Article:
Free for LA County girls ages 12-18, participants will hear from influential women innovators, educators, trailblazers, and more! Girls will have an opportunity to connect with their peers and all the speakers to feel connected, inspired, and empowered. And they’ll do more than merely listen. This event provides direct access to opportunities for training, technical certifications, scholarships, and employment. Because when you open doors for girls, they WILL shatter glass ceilings. 
 
Registration is free and required. Space is limited, so register today!8.5.7
OMEGA SCI-FI AWARDS
Take me to your reader ? Calling all young sci-fi writers: The Omega Sci-Fi Awards want to hear from you! 
 
The Omega Sci-Fi Awards were founded seven years ago by Sci-Fest LA and is presented by the arts and education nonprofit, Light Bringer Project. Their goal is to provide a platform and opportunities for emerging authors to tell imaginative stories and use the medium to explore the possible futures of humanity – from the ways in which we address scientific, social, philosophical, and environmental issues to the development of new technologies and outer space exploration.
 
Learn more about this unique competition here! 
 
The genre of Sci-Fi has always combined imaginative visions of our future with social commentary relevant to our present, and I’m excited to see what this “next generation” comes up with!8.6.0
Have a happy and safe weekend!


 
 
Meet 8-year-old Trixie (the lovely lady in black) #A5434548 and her 8-year-old beau Toby (the handsome gentleman in brown) #A5434554!

Sadly, this adorable twosome was turned into us, along with their pal Tipi (since adopted!), when their family was evicted from their home. 

Both dogs are very shy, Trixie being the braver of the duo.  But both are very sweet puppies. They have been fully vetted, needing only dental work for which they are already scheduled. 

What these two need more than anything is a home with a cozy bed where they can curl up together and enjoy a new family.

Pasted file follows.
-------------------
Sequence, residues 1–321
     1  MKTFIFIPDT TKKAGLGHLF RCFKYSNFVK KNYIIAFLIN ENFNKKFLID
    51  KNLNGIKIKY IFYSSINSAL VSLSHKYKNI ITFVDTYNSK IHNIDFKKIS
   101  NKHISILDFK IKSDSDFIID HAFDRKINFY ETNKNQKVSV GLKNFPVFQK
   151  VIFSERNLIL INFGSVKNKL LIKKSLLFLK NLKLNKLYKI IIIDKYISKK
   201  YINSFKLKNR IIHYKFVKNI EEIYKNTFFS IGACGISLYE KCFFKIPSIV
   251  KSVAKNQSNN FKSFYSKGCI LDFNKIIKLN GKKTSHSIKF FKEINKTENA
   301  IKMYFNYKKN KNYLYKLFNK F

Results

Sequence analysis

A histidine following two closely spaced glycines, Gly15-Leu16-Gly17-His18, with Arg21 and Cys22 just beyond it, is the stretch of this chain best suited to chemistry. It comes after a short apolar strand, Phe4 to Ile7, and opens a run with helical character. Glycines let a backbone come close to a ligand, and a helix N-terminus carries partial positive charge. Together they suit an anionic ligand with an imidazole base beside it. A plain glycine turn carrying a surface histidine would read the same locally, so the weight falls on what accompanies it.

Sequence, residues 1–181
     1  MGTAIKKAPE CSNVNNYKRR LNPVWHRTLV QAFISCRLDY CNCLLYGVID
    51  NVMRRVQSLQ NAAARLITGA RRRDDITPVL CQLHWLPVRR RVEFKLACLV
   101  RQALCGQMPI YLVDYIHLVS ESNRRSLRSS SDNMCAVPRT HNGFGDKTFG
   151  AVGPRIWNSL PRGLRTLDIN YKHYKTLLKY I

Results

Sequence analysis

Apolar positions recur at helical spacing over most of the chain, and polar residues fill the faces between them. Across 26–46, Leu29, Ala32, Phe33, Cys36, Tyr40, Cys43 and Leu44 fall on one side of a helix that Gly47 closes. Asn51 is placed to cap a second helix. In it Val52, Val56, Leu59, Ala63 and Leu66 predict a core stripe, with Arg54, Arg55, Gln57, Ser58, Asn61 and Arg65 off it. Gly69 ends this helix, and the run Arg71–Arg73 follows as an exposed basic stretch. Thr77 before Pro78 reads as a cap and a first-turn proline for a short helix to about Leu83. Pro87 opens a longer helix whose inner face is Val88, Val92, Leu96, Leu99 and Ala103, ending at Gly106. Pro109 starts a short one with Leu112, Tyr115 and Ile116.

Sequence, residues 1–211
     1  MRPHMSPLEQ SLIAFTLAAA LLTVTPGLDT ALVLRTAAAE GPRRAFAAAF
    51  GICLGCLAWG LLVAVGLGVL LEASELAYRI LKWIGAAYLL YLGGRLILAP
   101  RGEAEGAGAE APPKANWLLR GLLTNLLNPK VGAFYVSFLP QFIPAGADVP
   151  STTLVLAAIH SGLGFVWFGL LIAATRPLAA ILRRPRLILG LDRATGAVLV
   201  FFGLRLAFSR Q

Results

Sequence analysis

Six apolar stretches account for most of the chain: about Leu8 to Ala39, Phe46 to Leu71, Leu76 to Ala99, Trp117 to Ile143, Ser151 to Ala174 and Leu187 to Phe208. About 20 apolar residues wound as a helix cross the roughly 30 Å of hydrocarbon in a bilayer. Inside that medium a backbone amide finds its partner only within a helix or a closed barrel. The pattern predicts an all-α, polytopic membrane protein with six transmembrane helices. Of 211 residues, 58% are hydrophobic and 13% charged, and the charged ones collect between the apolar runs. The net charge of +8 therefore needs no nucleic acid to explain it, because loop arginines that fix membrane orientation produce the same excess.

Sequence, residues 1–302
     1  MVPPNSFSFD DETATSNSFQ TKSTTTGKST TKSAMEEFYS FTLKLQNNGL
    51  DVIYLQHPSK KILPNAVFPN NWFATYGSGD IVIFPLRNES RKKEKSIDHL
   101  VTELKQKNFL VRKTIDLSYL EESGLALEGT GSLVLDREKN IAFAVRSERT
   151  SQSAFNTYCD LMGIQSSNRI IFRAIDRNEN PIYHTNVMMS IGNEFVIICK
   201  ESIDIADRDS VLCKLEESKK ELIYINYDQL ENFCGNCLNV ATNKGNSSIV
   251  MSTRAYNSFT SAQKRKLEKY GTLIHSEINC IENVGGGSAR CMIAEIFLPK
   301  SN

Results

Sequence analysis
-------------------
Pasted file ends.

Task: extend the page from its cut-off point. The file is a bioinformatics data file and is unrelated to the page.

To meet this bonded twosome, please self-schedule an appointment, or email [email protected]ounty.gov for more information. 
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VA Greater LA Healthcare System [VAGLAHS] Hosts Master Plan 2022-2027 Virtual Townhall:

Thursday, September 30, 2021 from 6:00 – 7:15 p.m. PDT

VAGLAHS Hosts Master Plan 2022-2027

Virtual Townhall

Thank you for your interest in the Master Plan 2022-2027, and a special thank you to those who took the time to attend the Master Plan 2022-2027 Townhall meetings on August 19 and September 9.

As many of you are already aware, the Department of Veterans Affairs (VA) West Los Angeles (West LA) Campus Draft Master Plan (DMP) was developed in 2015 with significant participation and collaboration from you, our stakeholders. At the time, VA received more than 1,000 public comments on the preliminary draft. These comments were carefully considered during the development of the Draft Master Plan, which was signed by the Secretary of VA and adopted in 2016.

The DMP contemplated a revision or revisiting every three to five years to account for the changing needs of the Veteran population that the West LA Campus serves. Now, leading up to the fifth anniversary of the DMP, VA is working to solidify the DMP with the Master Plan 2022-2027.

The VA Greater Los Angeles Healthcare System (VAGLAHS) is pleased to invite you to participate in the third Virtual Master Plan 2022-2027 Townhall, which will be held via WebEx on Thursday, September 30, 2021 from 6:00 – 7:15 p.m. PDT. During this session, we will discuss opportunities, constraints, and options that are being considered in the development of the Master Plan 2022-2027, as well as invite additional feedback from you.